Most of the time, Dillingham conveys her world view through ultra-specific moments—especially in her stories, which view incidents of mountain life through the perspective of mountain ballads.

            “It is Monday—washday,” “Jealousy,” begins, getting into the mind of a girl who goes to a screenless window in her bedroom to check out the rain that could cancel work that day.

            “But today the sun is out,” the girl sees, “and she wonders if Billy will come.  She dreads to see him.  She doesn’t know if she can face him after everything that’s happened.”

            Scenes from the last year occur to the girl in the order of revelation, beginning with Billy, a handyman, helping the girl carry water buckets, and then staying for dinner.  The girl’s father works a night shift at the mill, and neglects his family; and Billy fills a void.

 

The ache more than the thrill

 

            Dillingham’s plot-lines are fated ones, not surprises.  She devotes her focus to memorable moments that arise along the way.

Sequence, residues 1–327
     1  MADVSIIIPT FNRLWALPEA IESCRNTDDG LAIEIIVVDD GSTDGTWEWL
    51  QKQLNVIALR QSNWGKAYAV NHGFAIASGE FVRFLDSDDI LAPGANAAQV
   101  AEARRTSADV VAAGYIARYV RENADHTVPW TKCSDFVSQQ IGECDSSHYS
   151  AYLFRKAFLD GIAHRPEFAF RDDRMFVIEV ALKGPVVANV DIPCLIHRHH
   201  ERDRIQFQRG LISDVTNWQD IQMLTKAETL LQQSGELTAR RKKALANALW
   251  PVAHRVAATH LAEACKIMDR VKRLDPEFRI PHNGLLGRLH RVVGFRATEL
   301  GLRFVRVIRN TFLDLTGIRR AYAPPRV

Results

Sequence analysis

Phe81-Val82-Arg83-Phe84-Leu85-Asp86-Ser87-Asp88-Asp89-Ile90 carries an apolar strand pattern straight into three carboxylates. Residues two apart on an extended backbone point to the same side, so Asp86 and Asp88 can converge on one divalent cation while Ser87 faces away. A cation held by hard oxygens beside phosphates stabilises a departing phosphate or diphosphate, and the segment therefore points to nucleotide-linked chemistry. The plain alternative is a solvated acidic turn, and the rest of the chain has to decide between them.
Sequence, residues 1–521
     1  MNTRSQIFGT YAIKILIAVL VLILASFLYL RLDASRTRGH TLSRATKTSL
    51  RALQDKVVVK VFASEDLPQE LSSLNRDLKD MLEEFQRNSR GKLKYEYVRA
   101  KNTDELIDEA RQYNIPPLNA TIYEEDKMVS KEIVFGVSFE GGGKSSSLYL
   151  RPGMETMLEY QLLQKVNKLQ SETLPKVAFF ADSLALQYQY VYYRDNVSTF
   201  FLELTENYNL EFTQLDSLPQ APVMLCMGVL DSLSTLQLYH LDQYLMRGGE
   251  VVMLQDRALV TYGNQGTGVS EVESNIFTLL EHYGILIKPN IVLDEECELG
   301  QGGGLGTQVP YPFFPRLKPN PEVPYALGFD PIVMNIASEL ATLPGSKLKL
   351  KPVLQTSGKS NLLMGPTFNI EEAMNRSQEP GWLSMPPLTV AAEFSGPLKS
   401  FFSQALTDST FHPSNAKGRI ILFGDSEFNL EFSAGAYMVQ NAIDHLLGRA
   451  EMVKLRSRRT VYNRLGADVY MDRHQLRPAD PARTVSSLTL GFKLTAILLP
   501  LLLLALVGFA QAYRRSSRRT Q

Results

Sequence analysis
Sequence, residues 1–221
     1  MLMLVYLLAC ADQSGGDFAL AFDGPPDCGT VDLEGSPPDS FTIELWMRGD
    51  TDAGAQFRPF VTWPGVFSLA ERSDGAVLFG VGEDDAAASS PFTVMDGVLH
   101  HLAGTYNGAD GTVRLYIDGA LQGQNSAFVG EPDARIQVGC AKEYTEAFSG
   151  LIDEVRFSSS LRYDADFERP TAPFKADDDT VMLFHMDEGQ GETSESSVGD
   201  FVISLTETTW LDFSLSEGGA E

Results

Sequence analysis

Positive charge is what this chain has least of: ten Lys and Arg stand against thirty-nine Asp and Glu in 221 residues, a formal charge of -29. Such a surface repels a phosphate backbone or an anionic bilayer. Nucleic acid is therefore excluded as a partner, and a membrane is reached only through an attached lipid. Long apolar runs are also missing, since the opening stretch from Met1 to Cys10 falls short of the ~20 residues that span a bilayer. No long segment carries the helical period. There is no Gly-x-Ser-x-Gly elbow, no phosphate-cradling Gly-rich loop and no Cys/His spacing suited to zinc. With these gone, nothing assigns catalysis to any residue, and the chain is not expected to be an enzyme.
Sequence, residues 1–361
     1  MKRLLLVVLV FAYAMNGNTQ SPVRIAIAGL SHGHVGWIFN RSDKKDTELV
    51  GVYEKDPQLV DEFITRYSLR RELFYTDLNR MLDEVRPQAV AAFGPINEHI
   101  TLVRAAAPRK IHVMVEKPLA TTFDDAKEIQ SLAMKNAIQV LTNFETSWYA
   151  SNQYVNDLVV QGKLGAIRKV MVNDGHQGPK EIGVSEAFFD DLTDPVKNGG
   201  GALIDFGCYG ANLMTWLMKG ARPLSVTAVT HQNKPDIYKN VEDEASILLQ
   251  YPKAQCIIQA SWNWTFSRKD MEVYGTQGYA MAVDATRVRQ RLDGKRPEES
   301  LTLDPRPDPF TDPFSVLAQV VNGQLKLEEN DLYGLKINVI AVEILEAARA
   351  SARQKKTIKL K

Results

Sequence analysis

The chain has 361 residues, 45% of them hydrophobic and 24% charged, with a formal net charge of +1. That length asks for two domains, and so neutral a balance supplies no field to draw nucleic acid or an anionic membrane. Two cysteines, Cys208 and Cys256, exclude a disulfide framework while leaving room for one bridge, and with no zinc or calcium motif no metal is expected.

In “Sorrow Times Two,” another story, a woman in labor hears about a recent crime when her husband stops for gas on the way to the distant hospital.

            The storekeeper comes out and tells of the knifing he’d just witnessed.  

            “I saw it all,” he says.  “Joe Beck pulled up, and the Mercer kid got in the truck with him….See that blood there?”

            Whether the subject is tragic or pastoral, Dillingham’s narrators relate them in an unvarnished, open-eyed way.

            The pregnant wife had led off the story with a gaze out her window.

            “She watches as her husband plows the field…It is as though he and the horse are one interconnected force, the horse’s head up now as the man pulls on the reins, checking him, straining backward, the horse’s head down now as the man bends forward, giving him more rein.”